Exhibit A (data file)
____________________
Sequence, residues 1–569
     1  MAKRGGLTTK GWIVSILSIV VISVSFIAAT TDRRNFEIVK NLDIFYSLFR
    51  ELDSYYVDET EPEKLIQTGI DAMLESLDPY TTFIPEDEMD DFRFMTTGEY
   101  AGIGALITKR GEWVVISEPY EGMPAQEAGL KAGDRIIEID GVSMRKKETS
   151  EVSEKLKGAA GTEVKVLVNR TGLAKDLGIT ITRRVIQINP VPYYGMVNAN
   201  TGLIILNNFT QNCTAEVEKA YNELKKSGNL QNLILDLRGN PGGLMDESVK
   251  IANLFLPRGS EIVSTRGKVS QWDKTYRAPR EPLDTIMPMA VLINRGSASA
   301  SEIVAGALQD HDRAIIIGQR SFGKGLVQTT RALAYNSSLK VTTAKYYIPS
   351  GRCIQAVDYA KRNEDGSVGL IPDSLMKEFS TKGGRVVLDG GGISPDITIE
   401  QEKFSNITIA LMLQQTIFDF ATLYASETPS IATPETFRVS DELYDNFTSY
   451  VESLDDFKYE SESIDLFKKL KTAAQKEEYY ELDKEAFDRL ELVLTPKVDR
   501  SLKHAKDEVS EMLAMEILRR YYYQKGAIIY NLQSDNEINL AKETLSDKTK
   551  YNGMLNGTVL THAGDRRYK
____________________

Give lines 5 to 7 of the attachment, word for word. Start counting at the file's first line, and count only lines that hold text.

   151  EVSEKLKGAA GTEVKVLVNR TGLAKDLGIT ITRRVIQINP VPYYGMVNAN
   201  TGLIILNNFT QNCTAEVEKA YNELKKSGNL QNLILDLRGN PGGLMDESVK
   251  IANLFLPRGS EIVSTRGKVS QWDKTYRAPR EPLDTIMPMA VLINRGSASA